From the circuit shown in Fig. 19.19 (c).

Output voltage Vout and feedback voltage Vf are equal, so

Reverse transmission factor, β = Vf/Vout = 1

The topology stabilizes the voltage gain.

Input voltage without feedback, Vin = V [Refer to Fig. 19.19 (b)]

From Fig. 19.19 (c)

Voltage gain,

Desensitivity,

and voltage gain with feedback,

Voltage Series Feedback Amplifier Circuit

The input impedance of an FET is infinite, Rin = ∞, and therefore,

We are interested in determination of output resistance looking into the FET source S. Hence R is considered as an external load resistance RL.

The output resistance,

Refer to first column of Table 19.4

Voltage Series Feedback Amplifier Circuit

BJT Emitter Follower:

The circuit is depicted in Fig. 19.20(a). In this circuit no emitter bypass capacitor is used. The feedback signal is the voltage Vf across emitter resistor Re and the sampled signal Vs is the output voltage across emitter resistor Re. Thus, it is a case of Voltage Series Feedback Amplifier Circuit and first topology in Table 19.4 should be referred.

Voltage Series Feedback Amplifier Circuit

For drawing basic amplifier without feedback, input circuit is obtained by setting Vout = 0 and output circuit is obtained by setting Iin = Ib = 0. Thus, Vs in series with Rs appears between B and E and Re appears only in the output loop, as depicted in Fig. 19.20 (b). Fig. 19.20 (b) represents the amplifier circuit without feedback. Replacing BJT by its small-signal low-frequency model, we have circuit as shown in Fig. 19.20 (c).

From the circuit shown in Fig. 19.20 (c)

Voltage Series Feedback Amplifier Circuit

This topology stabilizes the voltage gain.

From inspection of Fig. 19.20 (c)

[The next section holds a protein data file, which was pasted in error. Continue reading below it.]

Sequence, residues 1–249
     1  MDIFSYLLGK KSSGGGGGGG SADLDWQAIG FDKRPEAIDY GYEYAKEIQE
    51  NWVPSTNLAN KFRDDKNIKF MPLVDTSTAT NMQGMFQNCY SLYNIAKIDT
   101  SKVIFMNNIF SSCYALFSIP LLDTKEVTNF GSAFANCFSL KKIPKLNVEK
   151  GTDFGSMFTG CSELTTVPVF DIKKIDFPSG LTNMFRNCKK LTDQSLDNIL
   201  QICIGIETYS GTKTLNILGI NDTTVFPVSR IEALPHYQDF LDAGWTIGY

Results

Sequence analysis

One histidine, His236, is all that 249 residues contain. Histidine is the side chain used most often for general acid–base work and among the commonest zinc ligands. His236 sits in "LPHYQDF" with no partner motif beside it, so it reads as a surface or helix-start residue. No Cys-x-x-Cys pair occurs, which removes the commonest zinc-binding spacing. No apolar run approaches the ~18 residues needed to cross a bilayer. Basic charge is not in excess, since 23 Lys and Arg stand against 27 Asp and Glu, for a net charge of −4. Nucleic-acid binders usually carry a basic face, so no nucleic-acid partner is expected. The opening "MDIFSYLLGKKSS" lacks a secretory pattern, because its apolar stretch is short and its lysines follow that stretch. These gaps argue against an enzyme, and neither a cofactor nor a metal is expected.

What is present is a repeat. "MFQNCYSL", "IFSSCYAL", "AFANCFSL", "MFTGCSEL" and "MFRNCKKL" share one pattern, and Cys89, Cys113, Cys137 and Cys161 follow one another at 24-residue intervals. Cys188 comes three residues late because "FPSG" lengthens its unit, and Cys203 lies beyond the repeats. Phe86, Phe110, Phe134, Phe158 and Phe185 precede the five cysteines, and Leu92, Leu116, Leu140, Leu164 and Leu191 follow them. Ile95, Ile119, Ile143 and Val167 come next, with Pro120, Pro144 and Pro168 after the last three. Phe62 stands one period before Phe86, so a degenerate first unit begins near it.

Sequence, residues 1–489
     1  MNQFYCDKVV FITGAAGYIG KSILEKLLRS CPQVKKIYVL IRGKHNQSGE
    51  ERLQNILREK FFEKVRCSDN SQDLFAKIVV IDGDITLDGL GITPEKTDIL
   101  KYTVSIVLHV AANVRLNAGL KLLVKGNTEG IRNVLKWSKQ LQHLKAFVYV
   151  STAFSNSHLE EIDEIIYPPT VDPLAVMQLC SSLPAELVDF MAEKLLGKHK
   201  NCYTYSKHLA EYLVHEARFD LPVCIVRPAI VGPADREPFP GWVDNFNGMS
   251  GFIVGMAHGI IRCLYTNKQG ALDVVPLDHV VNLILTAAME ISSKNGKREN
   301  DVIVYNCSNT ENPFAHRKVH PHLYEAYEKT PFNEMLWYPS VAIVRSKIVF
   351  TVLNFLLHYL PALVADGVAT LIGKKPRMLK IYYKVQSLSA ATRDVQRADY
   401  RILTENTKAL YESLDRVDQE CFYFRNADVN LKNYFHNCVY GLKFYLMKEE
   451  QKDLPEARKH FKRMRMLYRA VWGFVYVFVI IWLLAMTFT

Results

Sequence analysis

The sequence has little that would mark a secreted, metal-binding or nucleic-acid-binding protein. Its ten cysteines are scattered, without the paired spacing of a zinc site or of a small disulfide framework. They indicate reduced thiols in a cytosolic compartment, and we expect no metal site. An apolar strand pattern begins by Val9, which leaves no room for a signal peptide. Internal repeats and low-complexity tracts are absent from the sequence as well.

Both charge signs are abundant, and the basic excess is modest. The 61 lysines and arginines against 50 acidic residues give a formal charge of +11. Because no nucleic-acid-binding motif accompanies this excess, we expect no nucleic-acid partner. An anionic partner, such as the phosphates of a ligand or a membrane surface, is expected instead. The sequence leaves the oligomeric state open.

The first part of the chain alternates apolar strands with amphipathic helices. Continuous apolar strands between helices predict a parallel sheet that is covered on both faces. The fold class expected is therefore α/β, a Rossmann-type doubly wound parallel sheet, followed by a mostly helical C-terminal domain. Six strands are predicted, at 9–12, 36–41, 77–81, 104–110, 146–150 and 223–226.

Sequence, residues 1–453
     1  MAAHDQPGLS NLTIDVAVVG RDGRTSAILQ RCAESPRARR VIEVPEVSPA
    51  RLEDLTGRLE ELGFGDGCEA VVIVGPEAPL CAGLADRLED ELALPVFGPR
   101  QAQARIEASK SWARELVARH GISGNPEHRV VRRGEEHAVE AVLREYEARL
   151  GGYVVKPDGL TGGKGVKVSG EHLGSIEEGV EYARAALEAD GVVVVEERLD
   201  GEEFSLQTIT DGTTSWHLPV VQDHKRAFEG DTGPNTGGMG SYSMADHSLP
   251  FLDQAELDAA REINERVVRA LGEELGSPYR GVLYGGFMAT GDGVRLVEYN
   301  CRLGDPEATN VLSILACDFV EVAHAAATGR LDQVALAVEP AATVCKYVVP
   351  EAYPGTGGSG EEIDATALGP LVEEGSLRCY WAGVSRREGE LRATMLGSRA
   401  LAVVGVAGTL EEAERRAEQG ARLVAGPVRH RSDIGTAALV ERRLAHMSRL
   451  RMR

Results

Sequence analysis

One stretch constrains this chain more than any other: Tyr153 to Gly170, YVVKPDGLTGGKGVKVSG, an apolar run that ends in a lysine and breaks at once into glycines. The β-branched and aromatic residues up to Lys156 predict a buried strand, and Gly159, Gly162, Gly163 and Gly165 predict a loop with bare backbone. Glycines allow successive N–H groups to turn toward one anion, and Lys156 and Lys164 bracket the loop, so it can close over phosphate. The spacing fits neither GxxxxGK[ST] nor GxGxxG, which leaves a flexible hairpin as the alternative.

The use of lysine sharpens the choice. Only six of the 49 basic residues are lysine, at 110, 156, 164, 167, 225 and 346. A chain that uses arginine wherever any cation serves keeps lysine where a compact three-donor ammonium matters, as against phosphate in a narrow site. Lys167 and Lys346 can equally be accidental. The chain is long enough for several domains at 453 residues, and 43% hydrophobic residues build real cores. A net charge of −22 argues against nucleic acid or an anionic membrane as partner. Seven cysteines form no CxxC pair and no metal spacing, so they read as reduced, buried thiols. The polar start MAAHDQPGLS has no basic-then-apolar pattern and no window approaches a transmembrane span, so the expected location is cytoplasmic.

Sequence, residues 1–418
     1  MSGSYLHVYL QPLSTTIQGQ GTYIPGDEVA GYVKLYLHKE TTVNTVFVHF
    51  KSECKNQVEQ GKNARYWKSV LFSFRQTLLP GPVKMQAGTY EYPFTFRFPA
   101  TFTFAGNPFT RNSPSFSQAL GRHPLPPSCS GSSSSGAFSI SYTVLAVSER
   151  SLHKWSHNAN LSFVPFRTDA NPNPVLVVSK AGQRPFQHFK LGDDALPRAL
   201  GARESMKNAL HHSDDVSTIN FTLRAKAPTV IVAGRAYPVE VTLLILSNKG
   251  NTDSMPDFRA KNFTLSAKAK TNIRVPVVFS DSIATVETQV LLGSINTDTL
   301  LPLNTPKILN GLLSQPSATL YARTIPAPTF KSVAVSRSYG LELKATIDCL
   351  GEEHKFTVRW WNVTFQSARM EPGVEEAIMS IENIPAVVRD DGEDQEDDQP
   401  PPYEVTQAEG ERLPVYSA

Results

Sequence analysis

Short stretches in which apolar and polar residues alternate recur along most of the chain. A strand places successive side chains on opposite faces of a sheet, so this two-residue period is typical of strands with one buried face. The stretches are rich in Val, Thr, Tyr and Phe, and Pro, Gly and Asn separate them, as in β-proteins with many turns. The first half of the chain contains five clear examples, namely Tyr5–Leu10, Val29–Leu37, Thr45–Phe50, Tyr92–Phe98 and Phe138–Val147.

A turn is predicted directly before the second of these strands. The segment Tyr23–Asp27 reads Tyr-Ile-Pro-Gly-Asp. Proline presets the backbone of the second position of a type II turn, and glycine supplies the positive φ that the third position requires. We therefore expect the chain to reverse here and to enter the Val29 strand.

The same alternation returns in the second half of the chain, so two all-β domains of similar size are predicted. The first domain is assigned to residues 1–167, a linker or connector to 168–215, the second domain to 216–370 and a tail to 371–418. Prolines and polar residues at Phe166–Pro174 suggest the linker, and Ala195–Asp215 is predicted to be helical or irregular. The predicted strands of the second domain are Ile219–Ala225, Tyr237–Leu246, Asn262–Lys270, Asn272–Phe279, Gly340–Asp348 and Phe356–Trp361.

Voltage gain,

Desensitivity,

Voltage gain with feedback,

Voltage Series Feedback Amplifier Circuit

For hfeRe >> (Rs + hie), Avf ≈ 1, as it is expected for an emitter follower.

The input resistance without feedback,

We are interested in determination of resistance seen looking into the emitter. So Re is considered as an external load. From Table 19.4

Voltage Series Feedback Amplifier Circuit

Because from Fig. 19.20 (c), we are looking into a current source,

The indeterminacy in Eq. (19.47) may be resolved by first evaluating R′out f and then going to the limit Re → ∞. Thus, since R′out = Re,

Voltage Series Feedback Amplifier Circuit

Note that the feedback desensitizes voltage gain with respect to variations in hfe and that it increases the input resistance and reduces the output resistance.

The foregoing expressions for Avf, Rin f and Rout f are based on the assumptions that there is zero forward transmission through the feedback network. But it is not true. On contrary there is such forward transmission due to flow of input current through Re in Fig. 19.20 (a) and so these expressions are only approximately true. Here we have in effect neglected the base current that flows in Re compared with the collector current.